A typical day begins at 7.30 in the morning for Tay. Once the doors are opened, he’ll head to his favourite perch — a stool — located at the back of the shop and start bending as well as hammering an array of rattans needed for whatever item he has been commissioned to complete.

At the time of our visit, he’s in the midst of completing a Da Tou Wawa (literally translated as Big Head Doll) for a Chinese association in town. “It’s not hard to make this but it can hurt your hands la.” admits Tay as he demonstrates how he bends a thin strip of rattan to fix onto the basket. For the thicker rattans, bare hands alone are not enough. He needs to use pliers and brute strength to manipulate the material to the desired form.


A lonesome baby cot sits on the sidewalk in front of the shop.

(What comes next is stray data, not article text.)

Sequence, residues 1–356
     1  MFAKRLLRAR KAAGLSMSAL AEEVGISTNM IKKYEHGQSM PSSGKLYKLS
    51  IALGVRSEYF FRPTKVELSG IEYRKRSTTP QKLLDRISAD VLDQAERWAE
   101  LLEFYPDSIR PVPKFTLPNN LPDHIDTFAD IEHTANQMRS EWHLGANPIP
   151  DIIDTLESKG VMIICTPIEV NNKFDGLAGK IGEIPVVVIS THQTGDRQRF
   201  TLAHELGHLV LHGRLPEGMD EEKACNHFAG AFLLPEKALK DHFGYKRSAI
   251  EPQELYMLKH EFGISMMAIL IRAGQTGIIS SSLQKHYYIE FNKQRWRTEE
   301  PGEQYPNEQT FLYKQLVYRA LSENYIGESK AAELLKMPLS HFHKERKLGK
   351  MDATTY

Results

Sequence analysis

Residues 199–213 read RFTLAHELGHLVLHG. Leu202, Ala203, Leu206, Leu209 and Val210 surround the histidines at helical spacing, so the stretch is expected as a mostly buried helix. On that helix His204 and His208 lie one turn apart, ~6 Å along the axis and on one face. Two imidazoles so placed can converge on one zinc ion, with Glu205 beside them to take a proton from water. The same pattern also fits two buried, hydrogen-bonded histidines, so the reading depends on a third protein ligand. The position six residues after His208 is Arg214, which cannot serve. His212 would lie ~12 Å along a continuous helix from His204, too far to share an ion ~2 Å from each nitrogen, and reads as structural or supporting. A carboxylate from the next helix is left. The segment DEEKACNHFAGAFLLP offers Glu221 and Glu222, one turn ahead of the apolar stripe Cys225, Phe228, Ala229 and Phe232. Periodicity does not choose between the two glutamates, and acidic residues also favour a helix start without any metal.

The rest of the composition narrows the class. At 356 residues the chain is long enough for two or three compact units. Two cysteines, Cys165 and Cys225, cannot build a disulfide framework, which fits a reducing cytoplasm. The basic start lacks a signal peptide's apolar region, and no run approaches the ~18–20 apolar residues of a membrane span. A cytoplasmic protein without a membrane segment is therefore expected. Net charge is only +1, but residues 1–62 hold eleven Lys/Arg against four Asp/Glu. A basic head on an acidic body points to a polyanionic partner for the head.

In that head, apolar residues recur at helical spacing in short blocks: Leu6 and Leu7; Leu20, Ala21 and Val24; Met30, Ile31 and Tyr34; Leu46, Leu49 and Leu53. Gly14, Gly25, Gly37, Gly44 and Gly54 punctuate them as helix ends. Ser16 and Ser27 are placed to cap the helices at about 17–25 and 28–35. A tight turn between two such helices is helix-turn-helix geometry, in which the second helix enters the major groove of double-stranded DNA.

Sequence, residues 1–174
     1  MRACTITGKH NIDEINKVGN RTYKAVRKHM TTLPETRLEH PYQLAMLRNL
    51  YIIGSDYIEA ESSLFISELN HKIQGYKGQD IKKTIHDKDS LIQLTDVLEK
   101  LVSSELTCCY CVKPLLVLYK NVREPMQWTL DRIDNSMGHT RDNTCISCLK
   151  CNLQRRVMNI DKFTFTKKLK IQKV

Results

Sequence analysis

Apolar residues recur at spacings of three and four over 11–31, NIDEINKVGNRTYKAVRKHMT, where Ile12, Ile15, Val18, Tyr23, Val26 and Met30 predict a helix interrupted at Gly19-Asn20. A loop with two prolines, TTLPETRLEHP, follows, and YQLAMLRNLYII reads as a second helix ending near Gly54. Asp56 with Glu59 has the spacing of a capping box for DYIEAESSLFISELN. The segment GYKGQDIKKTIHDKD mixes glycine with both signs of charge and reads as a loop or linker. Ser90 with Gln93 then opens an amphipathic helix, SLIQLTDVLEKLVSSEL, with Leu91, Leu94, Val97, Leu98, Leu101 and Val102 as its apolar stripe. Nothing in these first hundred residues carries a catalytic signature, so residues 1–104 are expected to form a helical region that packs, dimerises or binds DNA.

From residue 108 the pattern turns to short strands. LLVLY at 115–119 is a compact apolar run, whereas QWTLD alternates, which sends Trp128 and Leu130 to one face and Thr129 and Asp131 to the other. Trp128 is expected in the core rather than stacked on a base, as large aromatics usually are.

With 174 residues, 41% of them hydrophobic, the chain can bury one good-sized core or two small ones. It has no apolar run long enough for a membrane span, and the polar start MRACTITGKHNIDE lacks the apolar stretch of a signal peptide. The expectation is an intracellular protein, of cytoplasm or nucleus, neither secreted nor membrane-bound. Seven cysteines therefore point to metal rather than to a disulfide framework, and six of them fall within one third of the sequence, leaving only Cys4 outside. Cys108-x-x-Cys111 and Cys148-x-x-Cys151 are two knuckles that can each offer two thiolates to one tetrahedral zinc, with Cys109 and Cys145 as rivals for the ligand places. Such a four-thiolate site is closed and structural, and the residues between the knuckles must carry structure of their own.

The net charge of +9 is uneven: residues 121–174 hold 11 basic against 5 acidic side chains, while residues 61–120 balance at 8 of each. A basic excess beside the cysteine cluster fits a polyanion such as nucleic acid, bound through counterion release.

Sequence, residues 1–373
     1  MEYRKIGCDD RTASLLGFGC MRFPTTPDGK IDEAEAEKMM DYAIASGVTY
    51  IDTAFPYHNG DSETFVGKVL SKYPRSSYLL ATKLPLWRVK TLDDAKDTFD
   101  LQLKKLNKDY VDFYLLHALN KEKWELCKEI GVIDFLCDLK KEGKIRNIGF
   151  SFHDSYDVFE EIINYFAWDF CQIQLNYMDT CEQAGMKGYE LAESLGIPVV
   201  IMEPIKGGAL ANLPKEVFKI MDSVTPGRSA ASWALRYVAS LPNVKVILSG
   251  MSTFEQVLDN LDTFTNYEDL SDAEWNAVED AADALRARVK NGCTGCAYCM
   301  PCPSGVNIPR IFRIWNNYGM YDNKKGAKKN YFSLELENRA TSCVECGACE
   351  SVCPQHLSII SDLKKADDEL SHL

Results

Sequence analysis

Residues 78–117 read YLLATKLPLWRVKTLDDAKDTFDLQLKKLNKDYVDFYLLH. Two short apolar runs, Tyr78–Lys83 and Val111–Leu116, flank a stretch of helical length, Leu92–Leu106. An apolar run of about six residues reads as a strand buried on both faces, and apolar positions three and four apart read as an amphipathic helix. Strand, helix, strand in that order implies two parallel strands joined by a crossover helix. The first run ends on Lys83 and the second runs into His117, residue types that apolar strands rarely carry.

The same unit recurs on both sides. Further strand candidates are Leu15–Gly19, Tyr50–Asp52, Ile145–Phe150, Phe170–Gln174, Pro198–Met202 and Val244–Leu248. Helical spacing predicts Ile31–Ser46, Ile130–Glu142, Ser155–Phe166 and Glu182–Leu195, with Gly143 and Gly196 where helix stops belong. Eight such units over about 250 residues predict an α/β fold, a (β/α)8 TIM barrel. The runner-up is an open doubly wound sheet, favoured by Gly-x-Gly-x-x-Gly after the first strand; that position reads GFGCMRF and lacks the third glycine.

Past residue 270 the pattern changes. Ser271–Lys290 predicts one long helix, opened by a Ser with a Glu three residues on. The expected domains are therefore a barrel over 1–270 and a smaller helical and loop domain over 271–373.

Supply and Demand

The best type of rattan to work with, says Tay, is rotan manau. It produces beautiful furniture that can last for a century or more if taken care of properly. All it needs is a good wipe down using a damp cloth and just ensure that it’s not exposed to harsh weather. But, adds Tay, it’s getting more difficult for him to lay his hands on this species nowadays.

“It’s easier to get the rotan air or rotan merah,” adds Tay. He uses them mainly to weave his baskets, simple stools and many of the items in his shop, which also include miniature crafts lined on a shelf above where he’s seated. “These rattans are easily found in Pahang’s jungle,” discloses Tay, before telling us that he sources them from various suppliers around town.